The dollar would depreciate by 35% against its major trading currencies such as the yen, British pound and euro.
That warning from former chairman of investment bank Morgan Stanley and professor Stephen Roach. “The dollar is going to fall very, very sharply,” said the former professor at Yale University.
The Chinese economy is getting stronger and trumps the United States. As Washington continues to withdraw from international trade and raise import taxes for trade with other countries, the dollar is losing international standing, said Roach, previously chief economist at Morgan Stanley. “A deadly combination,” is how he characterizes Washington’s attitude.
The corona crisis, which is still in the grip of the United States, is not becoming a root cause, but contributing to that weakening of the currency, he argues.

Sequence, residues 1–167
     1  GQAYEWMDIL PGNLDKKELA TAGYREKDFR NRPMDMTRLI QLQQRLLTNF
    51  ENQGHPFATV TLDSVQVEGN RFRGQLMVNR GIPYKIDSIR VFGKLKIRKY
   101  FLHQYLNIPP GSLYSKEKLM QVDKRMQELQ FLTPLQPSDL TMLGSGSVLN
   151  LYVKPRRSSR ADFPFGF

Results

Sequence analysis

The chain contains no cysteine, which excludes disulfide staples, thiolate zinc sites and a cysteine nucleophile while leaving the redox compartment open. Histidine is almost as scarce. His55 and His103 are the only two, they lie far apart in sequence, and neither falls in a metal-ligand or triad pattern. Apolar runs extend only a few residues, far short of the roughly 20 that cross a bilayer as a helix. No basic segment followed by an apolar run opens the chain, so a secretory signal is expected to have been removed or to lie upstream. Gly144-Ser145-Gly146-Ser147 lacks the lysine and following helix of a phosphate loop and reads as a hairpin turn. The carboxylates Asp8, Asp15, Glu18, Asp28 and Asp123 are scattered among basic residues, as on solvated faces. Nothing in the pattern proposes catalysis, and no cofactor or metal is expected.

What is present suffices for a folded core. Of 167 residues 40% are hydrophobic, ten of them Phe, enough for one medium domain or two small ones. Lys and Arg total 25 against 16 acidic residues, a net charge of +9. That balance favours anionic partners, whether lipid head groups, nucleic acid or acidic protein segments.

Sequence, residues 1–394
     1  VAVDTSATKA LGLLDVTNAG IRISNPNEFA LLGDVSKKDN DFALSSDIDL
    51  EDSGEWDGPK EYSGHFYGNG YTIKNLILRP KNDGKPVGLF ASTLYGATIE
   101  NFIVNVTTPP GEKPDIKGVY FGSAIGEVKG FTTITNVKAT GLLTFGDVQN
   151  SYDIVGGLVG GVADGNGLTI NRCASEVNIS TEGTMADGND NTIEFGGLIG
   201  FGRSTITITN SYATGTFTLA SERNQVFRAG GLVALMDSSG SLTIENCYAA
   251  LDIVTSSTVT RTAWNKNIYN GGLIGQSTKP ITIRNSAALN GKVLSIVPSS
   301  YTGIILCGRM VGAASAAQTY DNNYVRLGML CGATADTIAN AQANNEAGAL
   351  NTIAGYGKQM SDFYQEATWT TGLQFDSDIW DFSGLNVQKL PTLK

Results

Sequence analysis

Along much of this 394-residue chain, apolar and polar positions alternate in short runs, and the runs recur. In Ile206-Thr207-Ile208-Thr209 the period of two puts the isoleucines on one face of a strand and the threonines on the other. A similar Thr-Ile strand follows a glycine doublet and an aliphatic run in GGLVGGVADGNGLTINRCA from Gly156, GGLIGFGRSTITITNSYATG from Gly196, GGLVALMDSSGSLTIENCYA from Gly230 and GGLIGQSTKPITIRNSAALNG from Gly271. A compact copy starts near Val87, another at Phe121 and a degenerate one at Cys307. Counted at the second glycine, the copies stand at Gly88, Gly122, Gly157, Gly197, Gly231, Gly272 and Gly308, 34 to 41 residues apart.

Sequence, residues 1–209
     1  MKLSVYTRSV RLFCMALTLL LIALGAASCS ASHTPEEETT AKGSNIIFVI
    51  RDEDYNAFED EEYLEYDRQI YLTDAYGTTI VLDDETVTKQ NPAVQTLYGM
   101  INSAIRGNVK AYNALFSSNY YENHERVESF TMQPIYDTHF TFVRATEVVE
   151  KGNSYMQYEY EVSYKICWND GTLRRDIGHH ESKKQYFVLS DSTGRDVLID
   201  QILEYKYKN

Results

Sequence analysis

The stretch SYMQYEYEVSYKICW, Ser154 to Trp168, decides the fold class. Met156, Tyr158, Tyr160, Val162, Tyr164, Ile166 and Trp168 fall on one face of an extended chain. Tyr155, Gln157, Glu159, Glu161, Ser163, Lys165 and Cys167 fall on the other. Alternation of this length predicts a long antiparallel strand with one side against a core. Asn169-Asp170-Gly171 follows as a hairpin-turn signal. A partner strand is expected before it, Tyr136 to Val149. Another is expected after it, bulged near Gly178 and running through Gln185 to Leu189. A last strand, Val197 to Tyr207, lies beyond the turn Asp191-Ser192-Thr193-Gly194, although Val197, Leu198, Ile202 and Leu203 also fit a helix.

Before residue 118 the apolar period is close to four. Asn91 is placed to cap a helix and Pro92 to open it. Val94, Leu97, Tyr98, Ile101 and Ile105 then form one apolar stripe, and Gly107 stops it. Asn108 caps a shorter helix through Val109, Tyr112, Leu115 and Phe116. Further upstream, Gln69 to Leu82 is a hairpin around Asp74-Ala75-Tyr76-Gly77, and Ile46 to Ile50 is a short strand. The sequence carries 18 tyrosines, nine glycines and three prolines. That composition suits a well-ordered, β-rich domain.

“The US economy has long suffered significant macro imbalances: very low domestic savings rates and a chronic current account deficit,” he told CNBC.
Leave safe harbor
A weak dollar seems good for trade, and is being pursued by President Trump, but in the long run, a big weakening is bad according to Roach.
Traditionally, the dollar is sought out by investors in a crisis. But that traditional role of safe haven will disappear, the economist says, as investors begin to see what the value will be in the future.
A weak dollar will have major consequences for stock and commodity trading, as relatively many investments are denominated in dollars.
Every morning the latest financial news in your inbox?
Invalid email address. Please enter again.
You can unsubscribe with 1 click